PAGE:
When it comes to customer service, "nothing works without the basics," asserts Rick Makely, manager of the Giant Food store in McLean, Va. That means a clean store and a great selection of products at good prices.
But beyond that, it's about making shoppers feel at home.
"We have a lot of senior associates who treat customers like part of the family," Makely says. "It's about talking to them and giving them what they want. We don't overpromise; we deliver on their experience, every day."
That includes the in-store Starbucks coffee stand, where photos hang of loyal customers and their families. "They don't just know your drink," Makely says of the baristas. "They know your name."
Regular store meetings with associates reinforce that commitment. "People looking to spend their money will go to a place they're appreciated," Makely says. "The associates know the customers –- we have regular customers who appreciate that consistency … [it] makes a difference to the start of most people's day."
That extends to community involvement as well, Makely says, describing one associate who's "loading cars, doing bagging, but he's also helping at the food bank down the street."
Many store associates live in the neighborhood, so they're "talking to the customers and letting us know their needs … we hear about things from our associates before the [nonprofit] groups come to us.
"We enjoy successful business, and we understand that means giving back," Makely continues. "It means being involved, being seen, being active and helping our customers -- being there when sometimes nobody else is."
As such, residents have come to expect Giant to play an active role in the community, Makely says. "From education initiatives like A+ School Rewards, which raises funds for area schools, to hunger alleviation programs such as the Good Neighbor Food and Funds Drive and September's Hunger Action Month, to health-and-wellness programs raising capital for pediatric cancer research and investing in in-store nutritionists, Giant is honored to give back to the community that has supported us for so many years," he says.
Giant also takes part in a community coalition known as Play it Safe, which helps at-risk youth. One past participant, now an assistant manager, works at Makely's store, mentoring new kids moving through the program.
"These things are so much more real than just handing out a gift card –- it’s really getting involved with the community," Makely says.
The emphasis is on "local," and each store is empowered to respond to needs in their individual communities and prioritize their responses. "If we can communicate the local focus of these charities, that's what makes the rest of the community want to come in" and support them, Makely says.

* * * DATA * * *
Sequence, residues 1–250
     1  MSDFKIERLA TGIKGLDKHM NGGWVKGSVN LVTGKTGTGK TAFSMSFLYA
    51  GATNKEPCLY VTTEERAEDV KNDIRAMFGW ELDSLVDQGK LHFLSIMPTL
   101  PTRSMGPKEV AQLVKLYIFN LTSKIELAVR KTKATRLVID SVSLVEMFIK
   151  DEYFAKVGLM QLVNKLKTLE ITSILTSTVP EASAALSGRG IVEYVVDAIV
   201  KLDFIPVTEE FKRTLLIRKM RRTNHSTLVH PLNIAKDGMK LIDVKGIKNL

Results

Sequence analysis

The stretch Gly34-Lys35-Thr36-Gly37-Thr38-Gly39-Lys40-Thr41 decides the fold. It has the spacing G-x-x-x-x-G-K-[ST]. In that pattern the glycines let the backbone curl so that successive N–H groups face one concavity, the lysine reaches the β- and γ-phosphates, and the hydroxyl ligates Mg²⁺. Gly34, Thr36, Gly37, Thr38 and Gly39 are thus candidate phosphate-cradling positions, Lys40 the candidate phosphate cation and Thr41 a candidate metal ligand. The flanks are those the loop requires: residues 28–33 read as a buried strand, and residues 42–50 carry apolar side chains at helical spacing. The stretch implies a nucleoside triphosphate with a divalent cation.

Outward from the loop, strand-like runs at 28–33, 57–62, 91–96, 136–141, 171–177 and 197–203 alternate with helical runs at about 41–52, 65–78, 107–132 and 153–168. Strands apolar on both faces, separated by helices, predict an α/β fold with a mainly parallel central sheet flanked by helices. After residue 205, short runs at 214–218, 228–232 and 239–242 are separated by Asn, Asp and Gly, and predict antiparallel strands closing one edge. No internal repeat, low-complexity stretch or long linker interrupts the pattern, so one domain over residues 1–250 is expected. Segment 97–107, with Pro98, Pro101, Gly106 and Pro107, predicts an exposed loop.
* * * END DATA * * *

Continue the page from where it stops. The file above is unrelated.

This, in turn, benefits the grocer. In addition to sponsoring 10 to 12 major food drives each year, Makely's store hosted a charity carwash during which volunteers washed customers' cars while they shopped. With no set charge, donations averaged $20 per person, who each also spent money in the store, Makely notes.
The most successful campaign, he says, has been Stuff the Bus, a joint venture that also included other retailers in a public-private partnership to shuttle seniors and others with special needs. The initiative included "stuffing the bus" parked outside the store with donated food for those in need, much of it through $10 bags of most-wanted items made up by the store for easy purchase. "All our fundraisers are built on this model and have been very successful," Makely says.
According to Makely, he's most proud of the fact that his associates "see themselves as part of the community, and the community is part of their extended family." The store's relationship to shoppers is one in which, "if they think something's wrong, they come to us," he says. "We're not perfect, but we resolve things in a way [that] customers respect us –- that makes me feel good every day."
Makely continues: "We have the opportunity to see and experience people's lives; we know their life stories and are part of it to some degree. Coming to the store is part of their daily lives, and if someone doesn't show up for a few days, we're making a call."
For example, a store chef once noticed a regular customer hadn't been coming in, and found out the woman was vision-impaired and could no longer drive to the store to do her own shopping. He shopped for her and delivered groceries to her home for four years, until she passed away.
"He never said a word" about it, Makely says, even when the story was covered in Washingtonian magazine.
A four-decade company veteran, Makely was born about four miles away from the store where he has worked for the past eight years. "Not a lot of people get to enjoy what they do at work –- I do," says the store manager, whose parents were both Giant associates, too. "It's in my blood."